The International Panel on Climate Change (IPCC) was set up in 1988 to assess global warming and its impacts. Recently, the panel released a major report, capping its latest assessment, a mega-review of 30,000 climate change studies that establishes with 95-percent certainty that nearly all warming seen since the 1950s is due to human activity. More than 700 of the world’s top climate scientists and 1,729 expert reviewers from more than 70 countries participated in the report process.


Safer, Thinner Lithium Rechargeables

New technology developed by researchers at the University of Michigan has been designed with the intention of preventing fires caused by lithium-ion battery malfunctions.

Researchers are making this possible by creating an advanced barrier between the electrodes in the lithium-ion battery. The barrier is made with nanofibers extracted from Kevlar – the material known for its use in bulletproof vests. The Kevlar nanofibers stifle the growth of metal tendrils that can become unwanted pathways for electrical current.

“Unlike other ultra strong material such as carbon nanotubes, Kevlar is an insulator,” said Nicholas Kotov, the Joseph B. and Florence V. Cejka Professor of Engineering. “This property is perfect for separators that need to prevent shorting between two electrodes.”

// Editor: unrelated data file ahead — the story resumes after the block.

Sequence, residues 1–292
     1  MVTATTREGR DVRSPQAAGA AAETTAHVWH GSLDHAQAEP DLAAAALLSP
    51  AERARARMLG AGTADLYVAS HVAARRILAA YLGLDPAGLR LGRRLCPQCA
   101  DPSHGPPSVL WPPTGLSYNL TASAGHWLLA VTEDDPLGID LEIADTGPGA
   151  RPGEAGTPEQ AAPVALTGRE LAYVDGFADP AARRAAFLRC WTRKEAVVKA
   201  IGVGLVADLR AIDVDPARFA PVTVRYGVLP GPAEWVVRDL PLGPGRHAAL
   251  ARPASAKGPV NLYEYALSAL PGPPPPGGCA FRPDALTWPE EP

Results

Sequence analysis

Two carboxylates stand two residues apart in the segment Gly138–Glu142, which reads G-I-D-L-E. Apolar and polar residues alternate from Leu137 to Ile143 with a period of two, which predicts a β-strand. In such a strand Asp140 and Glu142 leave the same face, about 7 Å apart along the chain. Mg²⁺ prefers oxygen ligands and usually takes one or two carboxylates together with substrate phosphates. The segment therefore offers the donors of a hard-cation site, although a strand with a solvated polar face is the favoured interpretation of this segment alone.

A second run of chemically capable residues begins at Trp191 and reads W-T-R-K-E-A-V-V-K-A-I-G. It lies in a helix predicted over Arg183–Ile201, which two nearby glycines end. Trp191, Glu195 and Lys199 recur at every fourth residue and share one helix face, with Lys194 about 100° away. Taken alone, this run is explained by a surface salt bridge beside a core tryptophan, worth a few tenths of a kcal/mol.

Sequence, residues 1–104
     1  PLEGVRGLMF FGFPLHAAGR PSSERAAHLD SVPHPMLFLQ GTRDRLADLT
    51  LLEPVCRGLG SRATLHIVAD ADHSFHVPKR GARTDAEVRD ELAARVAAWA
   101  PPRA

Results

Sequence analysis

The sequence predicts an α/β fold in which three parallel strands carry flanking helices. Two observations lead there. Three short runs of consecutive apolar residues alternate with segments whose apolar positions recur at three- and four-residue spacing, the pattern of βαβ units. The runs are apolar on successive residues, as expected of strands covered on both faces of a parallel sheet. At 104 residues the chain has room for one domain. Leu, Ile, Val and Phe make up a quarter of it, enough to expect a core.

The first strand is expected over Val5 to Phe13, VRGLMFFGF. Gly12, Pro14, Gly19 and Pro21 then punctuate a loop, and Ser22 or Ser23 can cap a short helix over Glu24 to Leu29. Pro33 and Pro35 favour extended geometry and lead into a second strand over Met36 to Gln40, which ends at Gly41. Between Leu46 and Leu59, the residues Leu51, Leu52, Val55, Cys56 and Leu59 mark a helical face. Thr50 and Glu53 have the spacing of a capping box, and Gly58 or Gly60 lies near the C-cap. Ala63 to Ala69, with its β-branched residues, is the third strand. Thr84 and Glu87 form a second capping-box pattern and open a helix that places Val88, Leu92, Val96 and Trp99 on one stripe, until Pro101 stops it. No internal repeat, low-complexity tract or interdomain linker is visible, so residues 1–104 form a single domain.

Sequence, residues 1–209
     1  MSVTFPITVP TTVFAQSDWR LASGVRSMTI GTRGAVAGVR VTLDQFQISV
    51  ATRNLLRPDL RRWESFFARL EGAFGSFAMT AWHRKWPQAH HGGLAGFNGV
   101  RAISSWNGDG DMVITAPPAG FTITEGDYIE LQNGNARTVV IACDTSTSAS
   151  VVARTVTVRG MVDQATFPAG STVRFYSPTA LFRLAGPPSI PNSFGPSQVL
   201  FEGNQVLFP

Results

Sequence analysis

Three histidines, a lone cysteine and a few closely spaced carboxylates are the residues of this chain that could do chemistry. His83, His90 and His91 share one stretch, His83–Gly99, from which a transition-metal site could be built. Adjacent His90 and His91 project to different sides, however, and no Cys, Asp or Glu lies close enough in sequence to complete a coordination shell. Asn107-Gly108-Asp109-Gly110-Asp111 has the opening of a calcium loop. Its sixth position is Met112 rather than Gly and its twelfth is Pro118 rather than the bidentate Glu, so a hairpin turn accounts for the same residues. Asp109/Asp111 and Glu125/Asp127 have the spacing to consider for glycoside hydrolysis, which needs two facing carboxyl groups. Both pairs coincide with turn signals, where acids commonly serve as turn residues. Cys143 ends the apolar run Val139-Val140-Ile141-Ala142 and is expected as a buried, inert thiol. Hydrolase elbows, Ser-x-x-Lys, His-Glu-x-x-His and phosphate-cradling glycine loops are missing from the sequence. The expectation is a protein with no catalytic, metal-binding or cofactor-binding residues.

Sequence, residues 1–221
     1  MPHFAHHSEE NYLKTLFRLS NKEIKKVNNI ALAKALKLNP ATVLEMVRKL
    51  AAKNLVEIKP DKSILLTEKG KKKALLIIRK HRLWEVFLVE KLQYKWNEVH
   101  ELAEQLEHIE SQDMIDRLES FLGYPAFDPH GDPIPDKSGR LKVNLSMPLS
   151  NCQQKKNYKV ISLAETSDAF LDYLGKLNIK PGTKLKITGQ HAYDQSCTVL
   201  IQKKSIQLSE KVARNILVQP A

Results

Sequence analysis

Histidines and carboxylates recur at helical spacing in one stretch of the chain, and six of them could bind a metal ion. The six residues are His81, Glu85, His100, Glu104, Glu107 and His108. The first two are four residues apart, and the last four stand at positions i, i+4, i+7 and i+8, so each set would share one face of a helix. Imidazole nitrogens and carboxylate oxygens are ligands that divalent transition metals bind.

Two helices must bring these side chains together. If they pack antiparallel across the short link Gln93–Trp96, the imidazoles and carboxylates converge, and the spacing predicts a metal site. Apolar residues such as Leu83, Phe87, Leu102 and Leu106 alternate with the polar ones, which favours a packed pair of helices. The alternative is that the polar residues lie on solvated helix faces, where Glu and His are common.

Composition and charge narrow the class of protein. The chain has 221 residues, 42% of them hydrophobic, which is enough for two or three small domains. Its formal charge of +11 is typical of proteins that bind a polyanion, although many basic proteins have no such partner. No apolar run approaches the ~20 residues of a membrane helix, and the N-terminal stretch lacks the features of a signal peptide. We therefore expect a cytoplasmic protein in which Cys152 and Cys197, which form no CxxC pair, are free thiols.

Short-circuiting happens in these batteries when holes in the membranes are too big and dendrites poke through to the membrane. They create a path for electrons within the battery, shorting it out.


The Science behind Unboiling an Egg

Researchers from UC Irvine have developed a way of unboiling eggs by restoring molecular proteins.Image: Steve Zylius/UC Irvine

Researchers from UC Irvine have developed a way of unboiling eggs by restoring molecular proteins.
Image: Steve Zylius/UC Irvine

You can’t unscramble an egg, but you can unboil one.

Chemists from the University of California, Irvine (UC Irvine) have found a way to unboil an egg by quickly restoring molecular proteins.

But this development is not as much about the egg as it is the process, which has the potential to slash biotechnology costs. The researchers believe this new process has the ability to dramatically reduce costs for cancer treatments, food production, and other segments of the $160 billion global biotechnology industry.

“Yes, we have invented a way to unboil a hen egg,” said Gregory Weiss, UCI professor of chemistry and molecular biology & biochemistry. “In our paper, we describe a device for pulling apart tangled proteins and allowing them to refold. We start with egg whites boiled for 20 minutes at 90 degrees Celsius and return a key protein in the egg to working order.”